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Federated Farmers backs call to slice agricultural subsidies

Cutting agricultural subsidies that distort trade and production is a vital step in tackling world hunger and climate change challenges, Federated Farmers says.

"We’re right behind the messages on further reform of WTO rules on subsidies that the Cairns Group of major exporting countries put to world leaders in Davos this week," Feds President Katie Milne said.

"New Zealand farmers are positive proof that reducing domestic subsidies drives innovation and food production efficiency, and ultimately delivers for the consumer in terms of quality, choice and prices, as well as for the environment. Our meat and milk have one of the lowest carbon footprints per kilogram of product in the world."

And like other consumers, New Zealand farmers have benefited from the lower prices, better quality and wider choice that flows from the reduced barriers at our borders for imported goods.

"That’s been important for ongoing gains in agricultural productivity and for the ability of our farmers to produce more with the same or fewer inputs - which is also good for the environment, Katie said.

The Cairns Group proposals would cap and at least halve all forms of trade and production-distorting agricultural subsidies by 2030. These subsidy entitlements more than doubled to USD $772 billion between 2001-2016 and without reining in could reach USD $2 trillion by 2030.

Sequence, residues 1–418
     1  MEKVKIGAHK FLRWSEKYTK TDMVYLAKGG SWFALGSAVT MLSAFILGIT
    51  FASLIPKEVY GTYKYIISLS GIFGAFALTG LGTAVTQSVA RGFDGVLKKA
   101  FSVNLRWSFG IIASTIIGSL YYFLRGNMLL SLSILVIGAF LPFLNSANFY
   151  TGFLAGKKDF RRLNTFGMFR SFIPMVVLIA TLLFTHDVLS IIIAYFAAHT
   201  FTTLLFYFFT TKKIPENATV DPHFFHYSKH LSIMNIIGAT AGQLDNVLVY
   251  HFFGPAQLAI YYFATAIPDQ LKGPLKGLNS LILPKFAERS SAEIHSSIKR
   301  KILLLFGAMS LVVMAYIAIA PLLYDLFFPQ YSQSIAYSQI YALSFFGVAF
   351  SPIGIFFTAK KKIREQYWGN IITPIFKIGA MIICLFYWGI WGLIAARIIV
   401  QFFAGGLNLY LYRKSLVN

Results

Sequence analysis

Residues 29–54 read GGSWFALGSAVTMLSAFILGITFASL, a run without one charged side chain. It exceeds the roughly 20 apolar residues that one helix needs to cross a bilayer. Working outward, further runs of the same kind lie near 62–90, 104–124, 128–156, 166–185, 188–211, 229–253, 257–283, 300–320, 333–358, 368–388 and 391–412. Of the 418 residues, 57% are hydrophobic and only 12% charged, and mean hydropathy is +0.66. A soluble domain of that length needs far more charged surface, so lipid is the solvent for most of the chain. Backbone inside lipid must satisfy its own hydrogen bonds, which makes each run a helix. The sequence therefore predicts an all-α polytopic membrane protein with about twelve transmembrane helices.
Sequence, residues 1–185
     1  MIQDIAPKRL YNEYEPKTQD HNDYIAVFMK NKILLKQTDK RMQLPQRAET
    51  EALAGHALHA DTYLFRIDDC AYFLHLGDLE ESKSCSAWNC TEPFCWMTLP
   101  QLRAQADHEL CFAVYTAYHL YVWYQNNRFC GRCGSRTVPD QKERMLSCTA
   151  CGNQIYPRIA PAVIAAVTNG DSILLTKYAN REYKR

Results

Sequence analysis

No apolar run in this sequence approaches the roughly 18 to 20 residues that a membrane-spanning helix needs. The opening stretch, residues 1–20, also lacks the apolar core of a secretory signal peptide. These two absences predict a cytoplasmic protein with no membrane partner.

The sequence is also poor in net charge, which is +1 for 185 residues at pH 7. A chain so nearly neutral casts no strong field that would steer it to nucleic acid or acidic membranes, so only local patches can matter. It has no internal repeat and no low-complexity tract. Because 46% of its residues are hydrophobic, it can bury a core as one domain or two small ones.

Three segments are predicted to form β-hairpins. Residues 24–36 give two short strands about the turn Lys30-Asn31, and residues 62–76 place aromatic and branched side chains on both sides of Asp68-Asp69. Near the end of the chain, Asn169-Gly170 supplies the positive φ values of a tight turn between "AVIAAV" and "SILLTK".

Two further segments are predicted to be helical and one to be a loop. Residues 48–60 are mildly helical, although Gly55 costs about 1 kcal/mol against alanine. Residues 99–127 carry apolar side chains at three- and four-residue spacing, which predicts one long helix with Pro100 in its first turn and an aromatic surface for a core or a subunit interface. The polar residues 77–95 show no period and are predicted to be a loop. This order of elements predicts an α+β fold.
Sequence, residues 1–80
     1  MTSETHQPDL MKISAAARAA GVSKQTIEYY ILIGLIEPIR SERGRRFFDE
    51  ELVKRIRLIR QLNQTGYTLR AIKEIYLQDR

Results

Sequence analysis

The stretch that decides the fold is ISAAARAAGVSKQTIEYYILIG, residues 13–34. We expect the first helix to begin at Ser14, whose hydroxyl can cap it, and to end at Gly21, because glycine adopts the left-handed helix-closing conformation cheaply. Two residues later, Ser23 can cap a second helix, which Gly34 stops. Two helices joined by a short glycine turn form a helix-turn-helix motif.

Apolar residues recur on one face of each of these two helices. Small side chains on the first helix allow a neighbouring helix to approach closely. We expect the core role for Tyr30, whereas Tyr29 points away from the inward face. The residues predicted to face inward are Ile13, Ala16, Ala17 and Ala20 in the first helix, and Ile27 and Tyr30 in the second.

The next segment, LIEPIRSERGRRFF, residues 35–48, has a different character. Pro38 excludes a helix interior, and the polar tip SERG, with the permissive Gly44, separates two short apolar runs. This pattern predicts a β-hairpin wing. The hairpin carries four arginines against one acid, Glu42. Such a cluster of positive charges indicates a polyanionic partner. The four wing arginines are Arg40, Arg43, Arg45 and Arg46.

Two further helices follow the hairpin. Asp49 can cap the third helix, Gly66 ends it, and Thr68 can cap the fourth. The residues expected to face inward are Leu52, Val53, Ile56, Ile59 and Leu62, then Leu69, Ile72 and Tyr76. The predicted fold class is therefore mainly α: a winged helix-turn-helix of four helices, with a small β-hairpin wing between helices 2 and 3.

The standard of living enjoyed by many New Zealanders would simply not be possible without the wealth generated by our primary industries, whose high value food and fibre products are highly sought after internationally, Katie said.

According to the Ministry for Primary Industries, exports from the primary sector (agriculture, horticulture, forestry and fishing) were worth $46.3 billion - 78% of total goods exports (merchandise trade).

"New Zealand farmers manage to dominate the makeup of the nation’s export profile while competing against international producers who receive large amounts of domestic support.

"It’s quite clear that international agricultural subsidies distort global trade, stifle innovation and if used as a long-term blunt policy instrument, harm the wellbeing of consumers," Katie said.


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